| We like ’em big in Houston.
When most people think of Houston homes the term “energy efficient” doesn’t usually come to mind. Gabled ceilings, oversized A/C units and big back yards seem to fit the image a bit better.
Maybe it’s time to think again. The Federal government’s Energy Star program has rated Houston as the market with the most Energy Star-qualified homes — 144,000 homes.
There’s an Energy Star rating for just about everything these days, from appliances to windows. The Energy Star rating on homes requires extra steps to conserve energy by using sufficient insulation, a tight building envelop, high-rated windows and efficient heating and cooling systems, but essentially they need to be at least 15 percent more efficient than homes built to the 2004 International Residential Code (IRC).
That’s probably a far cry from the energy profiles of some homes and buildings like the one’s we mentioned here. But the EPA estimates Energy Star homes will save their owners an average of $200 to $400 each on utility bills, or $270 million nationwide.
The U.S. hit the 1 million Energy Star home mark this year. Nearly 17 percent of all single-family homes built in 2008 qualified for Energy Star, compared with 12 percent the year before.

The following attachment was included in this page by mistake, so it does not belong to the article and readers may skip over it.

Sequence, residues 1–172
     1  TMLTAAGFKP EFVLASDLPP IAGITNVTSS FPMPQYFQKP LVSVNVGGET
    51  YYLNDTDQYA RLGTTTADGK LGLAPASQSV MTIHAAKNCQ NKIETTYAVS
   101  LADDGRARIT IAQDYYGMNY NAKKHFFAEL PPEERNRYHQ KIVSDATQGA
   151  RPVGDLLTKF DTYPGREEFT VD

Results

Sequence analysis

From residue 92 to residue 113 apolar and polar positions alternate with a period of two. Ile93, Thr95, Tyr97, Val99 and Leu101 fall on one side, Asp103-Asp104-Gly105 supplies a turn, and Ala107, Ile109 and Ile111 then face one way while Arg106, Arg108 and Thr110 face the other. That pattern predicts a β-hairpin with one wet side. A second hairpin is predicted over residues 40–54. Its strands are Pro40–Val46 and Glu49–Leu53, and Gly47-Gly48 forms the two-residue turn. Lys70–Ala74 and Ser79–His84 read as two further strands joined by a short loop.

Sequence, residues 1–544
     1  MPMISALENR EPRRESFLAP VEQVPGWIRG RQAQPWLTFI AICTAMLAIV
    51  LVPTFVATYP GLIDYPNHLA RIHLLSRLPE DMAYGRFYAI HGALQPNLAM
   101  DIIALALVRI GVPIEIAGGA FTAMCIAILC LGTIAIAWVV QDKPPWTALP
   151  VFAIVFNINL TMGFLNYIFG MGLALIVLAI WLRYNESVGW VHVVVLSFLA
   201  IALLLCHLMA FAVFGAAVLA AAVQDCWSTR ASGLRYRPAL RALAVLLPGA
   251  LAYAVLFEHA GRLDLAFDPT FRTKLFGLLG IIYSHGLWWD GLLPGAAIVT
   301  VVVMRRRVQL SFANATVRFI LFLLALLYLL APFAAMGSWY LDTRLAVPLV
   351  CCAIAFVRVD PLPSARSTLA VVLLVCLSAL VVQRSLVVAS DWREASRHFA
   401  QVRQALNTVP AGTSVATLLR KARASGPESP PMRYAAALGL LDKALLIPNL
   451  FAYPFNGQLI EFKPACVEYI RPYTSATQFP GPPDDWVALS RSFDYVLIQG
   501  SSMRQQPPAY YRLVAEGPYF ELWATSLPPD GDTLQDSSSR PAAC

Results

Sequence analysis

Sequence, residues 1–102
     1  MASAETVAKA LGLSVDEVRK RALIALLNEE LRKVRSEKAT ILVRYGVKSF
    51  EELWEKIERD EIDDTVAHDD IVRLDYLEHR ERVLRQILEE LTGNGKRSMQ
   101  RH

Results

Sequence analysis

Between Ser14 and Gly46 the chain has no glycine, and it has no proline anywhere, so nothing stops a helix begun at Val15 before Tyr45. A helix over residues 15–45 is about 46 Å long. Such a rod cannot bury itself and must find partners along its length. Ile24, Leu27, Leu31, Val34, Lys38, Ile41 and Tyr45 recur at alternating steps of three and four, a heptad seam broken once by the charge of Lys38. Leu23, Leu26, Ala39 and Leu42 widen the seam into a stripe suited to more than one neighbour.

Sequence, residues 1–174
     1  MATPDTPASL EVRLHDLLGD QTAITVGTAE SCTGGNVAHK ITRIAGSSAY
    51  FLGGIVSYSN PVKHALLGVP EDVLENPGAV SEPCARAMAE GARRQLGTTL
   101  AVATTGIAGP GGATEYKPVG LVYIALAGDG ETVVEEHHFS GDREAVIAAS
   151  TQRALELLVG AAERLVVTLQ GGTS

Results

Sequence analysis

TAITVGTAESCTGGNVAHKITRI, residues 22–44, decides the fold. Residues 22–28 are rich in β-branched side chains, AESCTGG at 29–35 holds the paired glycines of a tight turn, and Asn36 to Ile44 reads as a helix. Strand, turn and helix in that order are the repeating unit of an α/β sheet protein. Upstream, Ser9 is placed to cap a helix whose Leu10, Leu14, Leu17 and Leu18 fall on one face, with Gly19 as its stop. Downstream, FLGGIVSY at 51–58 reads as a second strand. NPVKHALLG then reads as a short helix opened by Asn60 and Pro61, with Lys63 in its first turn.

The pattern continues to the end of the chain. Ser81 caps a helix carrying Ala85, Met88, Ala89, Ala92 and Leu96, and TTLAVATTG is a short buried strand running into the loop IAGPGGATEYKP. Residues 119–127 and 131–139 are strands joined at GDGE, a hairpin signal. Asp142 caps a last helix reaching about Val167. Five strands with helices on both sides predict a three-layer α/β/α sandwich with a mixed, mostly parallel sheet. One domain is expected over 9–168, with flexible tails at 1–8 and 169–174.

Do you live in an Energy Star home? Do you notice any difference compared to your old home? I suspect it’s not that difficult or more costly to build a home with that rating, but I feel like I’ve seen the label slapped on new home ads a lot lately.
The cities with the most Energy Star-qualified homes:
• Houston, TX (144,000)
• Dallas-Fort Worth, TX (103,000)
• Las Vegas, NV (80,000)
• Phoenix, AZ (73,000)
• Greater Los Angeles, CA (57,000)
• Greater New York, NY (25,000)
• Tucson, AZ (19,000)
• San Antonio, TX (19,000)
• Sacramento, CA (18,000)
• San Diego, CA (18,000)
• Columbus, OH (17,000)
• Des Moines, IA (16,000)
• Indianapolis, IN (14,000)
• Austin, TX (13,000)
• Greater Philadelphia, PA/Wilmington, DE (12,000)
• San Francisco-Oakland, CA (11,000)
• Boston, MA (10,000)
• Denver, CO (7,800)
• Orlando, FL (7,600)
• Oklahoma City, OK (7,500)